It takes many men for ACES to relocate this huge crocodile
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Friday October 9, 2020

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Nailing these in place will guarantee no (adult) croc will make his way under this home again.

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AmericanCrocodileSanctuary.org
Committed to conserving Belize's critical habitats and protected species, specifically Crocodilians, through scientific research and education to prevent further extinction of species Worldwide and to preserve Belize's wildlife for future generations.
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It takes many men for ACES to relocate this huge crocodile

Chris is a superhero! Look at this crocodile! This is a 12ft. Big ol beautiful boy.

When rainy season is on, flooding of roads, yards and underneath homes is unavoidable for most living in low lying neighborhoods.

As crocs tend to become quite active in rainy season moving through these flooded areas, itís not uncommon for them to find their way into peoples yards or to take up residence underneath homes, which through crocs eyes are like beautiful man made caves.

Whilst we are of course happy to respond to any and all calls in these scenarios, prevention by denying crocs access is a far better long term solution than having to trap and relocate an animal.

Barricading the side of your house will prevent crocs from being able to climb under, fencing or simple barricades between your property and the water will prevent them coming into your yard. Try to avoid discarding any food scraps around your home (or any trash for that matter) as this will attract pests which in turn attract crocs.

If you would like advice on measures to prevent access to coexist minimizing potential incidents, or would like help acquiring scrap wood/pallets etc to create barricades, contact us through Facebook here or on 623 7920.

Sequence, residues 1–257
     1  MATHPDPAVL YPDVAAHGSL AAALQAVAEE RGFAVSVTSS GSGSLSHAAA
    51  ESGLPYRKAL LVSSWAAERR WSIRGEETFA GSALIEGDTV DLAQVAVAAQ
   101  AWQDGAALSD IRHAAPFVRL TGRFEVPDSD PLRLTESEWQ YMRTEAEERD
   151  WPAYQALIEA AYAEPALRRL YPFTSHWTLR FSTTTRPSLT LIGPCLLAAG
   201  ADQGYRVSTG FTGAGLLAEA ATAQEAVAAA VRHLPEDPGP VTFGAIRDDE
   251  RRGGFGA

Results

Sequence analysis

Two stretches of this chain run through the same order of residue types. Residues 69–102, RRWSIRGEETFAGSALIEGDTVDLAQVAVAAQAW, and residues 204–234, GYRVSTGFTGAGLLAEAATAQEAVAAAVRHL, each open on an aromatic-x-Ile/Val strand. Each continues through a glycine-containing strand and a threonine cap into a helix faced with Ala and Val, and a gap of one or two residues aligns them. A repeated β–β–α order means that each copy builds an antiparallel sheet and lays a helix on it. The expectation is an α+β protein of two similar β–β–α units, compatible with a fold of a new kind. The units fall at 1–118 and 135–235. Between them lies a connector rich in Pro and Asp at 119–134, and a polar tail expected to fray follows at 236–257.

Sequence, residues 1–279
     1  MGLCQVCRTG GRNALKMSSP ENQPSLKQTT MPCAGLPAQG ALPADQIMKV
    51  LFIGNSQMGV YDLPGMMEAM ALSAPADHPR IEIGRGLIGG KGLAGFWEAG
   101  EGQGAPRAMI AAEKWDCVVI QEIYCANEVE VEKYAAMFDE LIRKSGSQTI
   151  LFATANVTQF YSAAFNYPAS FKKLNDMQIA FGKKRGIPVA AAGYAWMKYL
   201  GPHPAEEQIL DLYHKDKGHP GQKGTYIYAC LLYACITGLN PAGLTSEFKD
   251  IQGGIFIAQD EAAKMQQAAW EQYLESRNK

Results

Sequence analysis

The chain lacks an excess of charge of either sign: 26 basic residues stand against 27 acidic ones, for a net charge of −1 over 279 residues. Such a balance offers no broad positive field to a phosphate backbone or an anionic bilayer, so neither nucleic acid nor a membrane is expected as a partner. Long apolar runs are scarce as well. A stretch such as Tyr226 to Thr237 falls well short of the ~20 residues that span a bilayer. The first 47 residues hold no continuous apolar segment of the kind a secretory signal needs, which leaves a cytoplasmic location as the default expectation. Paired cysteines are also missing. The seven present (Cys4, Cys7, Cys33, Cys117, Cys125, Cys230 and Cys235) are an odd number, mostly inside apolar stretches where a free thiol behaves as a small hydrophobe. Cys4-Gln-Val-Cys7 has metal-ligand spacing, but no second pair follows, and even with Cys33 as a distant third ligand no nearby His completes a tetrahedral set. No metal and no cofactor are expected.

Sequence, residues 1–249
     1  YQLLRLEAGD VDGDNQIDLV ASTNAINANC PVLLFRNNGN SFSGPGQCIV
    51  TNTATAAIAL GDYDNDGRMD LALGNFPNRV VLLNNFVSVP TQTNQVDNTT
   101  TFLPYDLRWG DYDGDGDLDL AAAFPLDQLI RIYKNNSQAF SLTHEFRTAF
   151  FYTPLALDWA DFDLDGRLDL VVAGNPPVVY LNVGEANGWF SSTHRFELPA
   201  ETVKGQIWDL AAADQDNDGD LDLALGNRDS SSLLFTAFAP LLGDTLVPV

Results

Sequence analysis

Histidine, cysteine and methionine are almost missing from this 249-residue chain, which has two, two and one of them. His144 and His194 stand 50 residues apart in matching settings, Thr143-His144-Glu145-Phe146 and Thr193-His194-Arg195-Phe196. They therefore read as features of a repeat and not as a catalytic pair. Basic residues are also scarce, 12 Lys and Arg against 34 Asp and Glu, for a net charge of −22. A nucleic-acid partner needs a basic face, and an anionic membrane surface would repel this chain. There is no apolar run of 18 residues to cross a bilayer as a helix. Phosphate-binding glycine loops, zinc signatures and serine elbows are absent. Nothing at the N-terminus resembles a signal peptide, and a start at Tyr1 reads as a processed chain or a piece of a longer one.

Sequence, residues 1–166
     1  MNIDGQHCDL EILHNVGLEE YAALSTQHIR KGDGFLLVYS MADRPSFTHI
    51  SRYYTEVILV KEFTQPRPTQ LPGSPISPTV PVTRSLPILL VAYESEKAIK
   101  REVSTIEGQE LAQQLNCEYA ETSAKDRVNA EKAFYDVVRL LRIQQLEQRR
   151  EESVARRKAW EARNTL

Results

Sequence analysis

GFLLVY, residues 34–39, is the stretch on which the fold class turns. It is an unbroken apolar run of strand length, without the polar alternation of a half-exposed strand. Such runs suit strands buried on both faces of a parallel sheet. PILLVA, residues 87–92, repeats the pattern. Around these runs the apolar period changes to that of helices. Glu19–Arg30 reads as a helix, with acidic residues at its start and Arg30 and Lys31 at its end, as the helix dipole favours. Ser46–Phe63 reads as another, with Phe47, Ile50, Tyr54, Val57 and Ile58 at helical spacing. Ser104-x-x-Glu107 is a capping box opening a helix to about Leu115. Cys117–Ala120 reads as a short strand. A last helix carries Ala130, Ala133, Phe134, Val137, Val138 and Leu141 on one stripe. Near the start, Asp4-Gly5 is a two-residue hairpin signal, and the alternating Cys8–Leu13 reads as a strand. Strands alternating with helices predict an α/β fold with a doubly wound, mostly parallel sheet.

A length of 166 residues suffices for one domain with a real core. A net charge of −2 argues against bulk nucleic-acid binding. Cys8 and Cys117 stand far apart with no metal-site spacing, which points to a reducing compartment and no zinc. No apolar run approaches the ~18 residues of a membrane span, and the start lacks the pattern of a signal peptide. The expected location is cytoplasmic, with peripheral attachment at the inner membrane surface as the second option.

Belizean Lagoons have various crocodilian residents. They generally like to bask in the morning, and hunt fish, raccoon and iguana about every 3 weeks . Overall, the communities of Belizean lagoons have been co-existing with our lagoon crocs, and here are a few reminders to ensure we minimize negative human-crocodile interaction:

- DO NOT FEED! Feeding crocs does not tame them or make them your friends. It habituates them, lessening their fear of people. The majority of crocodile attacks in the Central American region can be attributed to feeding (directly and indirectly) the crocs. (Check out the CrocBite database for stats).

- Crocs tend to hide in the mangrove during the day to get away from the heat, so their feeding activity increases during late afternoon until early morning (4pm to 8am). During this time, it would be best not to swim in the lagoon, as well as let your pets near or swimming in the lagoon during this time.

- During the peak croc hours, always supervise your pets and keep them close; to crocs they are another 4 legged-small mammal that live in close proximity to humans similar to raccoon, coati, agouti, etc., which are prey for larger crocodiles.

- DO NOT HARASS! Harassing a crocodile may not scare it away, but make it more aggressive as it defends itself against its predator (aka, a human). Imagine if someone or a group of people starting poking or throwing rocks at you? You would likely defend yourself as well!

The above are some easy and general CrocWise rules to further coexistence with crocs (and other wildlife!), and the CRC is more than happy to discuss with any property owners to further coexistence between the lagoon's wildlife and residents. Additionally, it is ILLEGAL to have crocodiles (and any wildlife) as pets, which is another way of habituating them to humans. CRC is aware many keep the baby crocodiles as pets and then release them in the wild. This not only endangers your community, but you are now also putting the animal you love in danger as they are at a higher risk of being illegally hunted given their habitation to people.

Photographs courtesy ACES / American Crocodile Education Sanctuary

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